Chapter Six: §6

(Continued)
Gesula, Lenyol

The sun set as Toran and Tàvae worked. They had made good progress transcribing the smuggled text, for though it appeared thick, its heavily decorated borders meant each page contained only a few hundred words.

Continue reading “Chapter Six: §6”

Chapter Five: §2

Winter – 1023 YD
Delus, Miggest

Two fires burnt on opposing walls of Delus Palace’s Great Hall, yet they barely took the edge from the deep chill of late winter. The Custodia stood before one of the fireplaces, her High Counsellor and High Commander by her side. Her face was grave indeed.
__‘How many were killed?’
__‘Four, Your Majesty. Three men and a boy.’
__She felt her throat constrict. ‘And the age of the boy?’ Continue reading “Chapter Five: §2”

Chapter Four: §4

December, 1022 YD
Lirna, Lenyol

Princess Régan arrived at Lirna Palace in the evening, four days after departing the capital. The journey had been hot and rough, and she was relieved to be received by the Duchess in the outer gardens. The Princess alighted the carriage; the Duchess, Lady Ione, took the Princess’ arm and guided her inside, along a series of beautiful staircases into to the Dining Hall. It was cool, set with a fine meal, and free from servants.

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Chapter Four: §3

(Continued)
Gesula, Lenyol

January drew to a close, and Kesia’s fifteenth birthday passed. Toran arrived one evening with a confusing account of the day’s events.
__The main text Toran laboured over was one of history—a dense volume written in an academic form of Gaeilge, made more difficult to decipher by its calligraphic script. It was, however, very beautiful. Writ on vellum, covered with gold-plated metal, and with ornately decorated borders, it seemed as ancient as the time it recorded: the era before the accession of the Dragon Monarchs, and the first century of their reign. It was his task to transcribe it onto parchment, translating what he could alongside. For weeks he copied the names of long-departed tribes, their territories, sacred places, and Chieftains; few dates accompanied these records, and their regions were unlisted. He constantly scoured the modern maps with faint hope of locating the areas mentioned—for the new tongue had given new names to these old places. His treasured bilingual dictionary was wearing from use. Yet his efforts were rewarded with insights into a forgotten time.

Continue reading “Chapter Four: §3”

Chapter Three: §2

(Continued)
Offenure Castle, Lenyol

‘Régan!’ Custodin Màtac opened his arms to the closing doors and smiled. ‘I am pleased you could join us.’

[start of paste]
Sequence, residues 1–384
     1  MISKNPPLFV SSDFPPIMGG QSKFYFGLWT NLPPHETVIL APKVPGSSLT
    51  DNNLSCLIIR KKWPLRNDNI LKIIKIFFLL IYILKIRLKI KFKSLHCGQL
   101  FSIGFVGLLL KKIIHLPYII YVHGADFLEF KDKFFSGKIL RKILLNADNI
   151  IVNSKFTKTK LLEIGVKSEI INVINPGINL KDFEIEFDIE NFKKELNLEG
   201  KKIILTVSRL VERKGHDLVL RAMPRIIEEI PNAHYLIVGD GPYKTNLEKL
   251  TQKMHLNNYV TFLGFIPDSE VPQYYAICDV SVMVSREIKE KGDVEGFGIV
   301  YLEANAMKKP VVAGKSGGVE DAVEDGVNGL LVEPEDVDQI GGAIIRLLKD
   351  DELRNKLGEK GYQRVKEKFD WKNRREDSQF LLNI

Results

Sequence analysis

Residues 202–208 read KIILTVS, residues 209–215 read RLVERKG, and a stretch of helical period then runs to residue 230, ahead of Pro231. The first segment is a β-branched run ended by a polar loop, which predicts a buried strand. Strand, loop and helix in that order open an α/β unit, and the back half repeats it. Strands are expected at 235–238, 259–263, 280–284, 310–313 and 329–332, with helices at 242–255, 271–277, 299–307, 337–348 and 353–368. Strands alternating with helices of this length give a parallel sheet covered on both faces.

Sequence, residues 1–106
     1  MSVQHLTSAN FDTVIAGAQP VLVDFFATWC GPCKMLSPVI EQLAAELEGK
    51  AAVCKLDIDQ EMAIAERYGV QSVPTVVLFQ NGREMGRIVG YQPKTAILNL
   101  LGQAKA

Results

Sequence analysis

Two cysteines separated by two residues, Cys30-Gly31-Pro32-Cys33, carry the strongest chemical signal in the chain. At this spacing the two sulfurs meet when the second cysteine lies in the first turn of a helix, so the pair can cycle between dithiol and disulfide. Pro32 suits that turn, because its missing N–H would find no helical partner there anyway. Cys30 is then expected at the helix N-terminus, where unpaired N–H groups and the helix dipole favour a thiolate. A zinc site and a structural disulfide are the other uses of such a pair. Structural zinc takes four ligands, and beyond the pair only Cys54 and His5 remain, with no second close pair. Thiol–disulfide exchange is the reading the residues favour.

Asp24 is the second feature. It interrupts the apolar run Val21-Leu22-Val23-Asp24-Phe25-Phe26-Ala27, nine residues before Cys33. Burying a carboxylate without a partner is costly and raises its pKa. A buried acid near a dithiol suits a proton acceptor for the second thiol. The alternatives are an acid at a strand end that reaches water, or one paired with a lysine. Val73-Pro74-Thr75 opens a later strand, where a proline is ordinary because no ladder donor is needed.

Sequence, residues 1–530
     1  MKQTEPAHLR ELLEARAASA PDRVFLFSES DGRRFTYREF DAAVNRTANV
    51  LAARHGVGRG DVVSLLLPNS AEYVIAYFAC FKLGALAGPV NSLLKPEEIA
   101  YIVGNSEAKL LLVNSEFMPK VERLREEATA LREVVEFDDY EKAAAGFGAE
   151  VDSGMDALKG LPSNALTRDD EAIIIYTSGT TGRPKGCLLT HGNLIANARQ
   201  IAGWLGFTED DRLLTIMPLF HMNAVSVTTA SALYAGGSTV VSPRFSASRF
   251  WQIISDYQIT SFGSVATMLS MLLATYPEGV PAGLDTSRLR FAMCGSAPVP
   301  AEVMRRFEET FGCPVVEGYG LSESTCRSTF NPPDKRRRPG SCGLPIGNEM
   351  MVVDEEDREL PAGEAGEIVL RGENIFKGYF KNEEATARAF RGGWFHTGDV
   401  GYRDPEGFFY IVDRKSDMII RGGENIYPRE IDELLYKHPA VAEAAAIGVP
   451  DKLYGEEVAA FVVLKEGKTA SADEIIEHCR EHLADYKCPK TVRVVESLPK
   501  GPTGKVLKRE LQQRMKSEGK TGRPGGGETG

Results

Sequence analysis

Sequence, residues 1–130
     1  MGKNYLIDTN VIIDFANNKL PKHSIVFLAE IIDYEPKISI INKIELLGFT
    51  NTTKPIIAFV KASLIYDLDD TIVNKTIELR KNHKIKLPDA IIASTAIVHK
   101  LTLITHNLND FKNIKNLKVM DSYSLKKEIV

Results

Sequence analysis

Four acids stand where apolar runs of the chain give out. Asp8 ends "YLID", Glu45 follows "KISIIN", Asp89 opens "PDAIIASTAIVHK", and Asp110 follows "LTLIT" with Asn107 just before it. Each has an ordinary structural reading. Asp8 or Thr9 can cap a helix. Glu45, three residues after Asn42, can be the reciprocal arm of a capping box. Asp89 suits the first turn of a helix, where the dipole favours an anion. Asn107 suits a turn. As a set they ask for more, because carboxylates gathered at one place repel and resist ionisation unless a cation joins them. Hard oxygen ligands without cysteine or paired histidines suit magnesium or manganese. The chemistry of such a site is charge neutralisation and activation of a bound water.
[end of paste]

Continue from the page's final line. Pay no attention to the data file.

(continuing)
The Princess stood stiffly by the entry to the Dining Hall. She pushed her lips into a smile and walked slowly to the dining table, mahogany gown draping behind. ‘Thank you for sending mother; I must be reminded to eat at times.’
   Bridget ducked her head, receiving her daughter’s gratitude with as much sincerity as was given, and took her seat. The Custodin and Princess did the same, and pleasantries were exchanged. Continue reading “Chapter Three: §2”

Chapter Three: The Castle §1

December – 1022 YD
Offenure Castle, Lenyol

‘Régan?’ Royal Consort Bridget called for her daughter. ‘Régan?’
    Princess Régan flinched, waving her lady’s maid to the doors. The servant went quickly to them, pressing her weight against the heavy oak, admitting herself to the hall. ‘Your Royal Highness,’ she curtseyed, ‘the Princess is a little indisposed, though she is pleased to receive—’ the Consort brushed past— ‘you.’ Crimson, the poor maid laboured with the handle to close the door.
   ‘I am bathing, Mother,’ the Princess stated, keeping her back turned. ‘Perhaps you could leave me in peace?’ Continue reading “Chapter Three: The Castle §1”

Chapter Two: §5

Spring – 1022 YD
Tenenum Temple, Miggest

The Duke of Edeen rewarded Sevína’s guidance with ample coin. She had relinquished her initial offence at offer of payment when news came that the drought was taking its first victims in the north. The gold she gave to Tenenum Temple, as protection for the adherents and children. Winter had brought little rain and crops continued to fail.
__Offerings came daily to the temples. Perhaps, as some whispered, penance was due for waning worship. The Black Dragon would accept their suffering as atonement, and deliver rain—in autumn—in winter—in spring? Continue reading “Chapter Two: §5”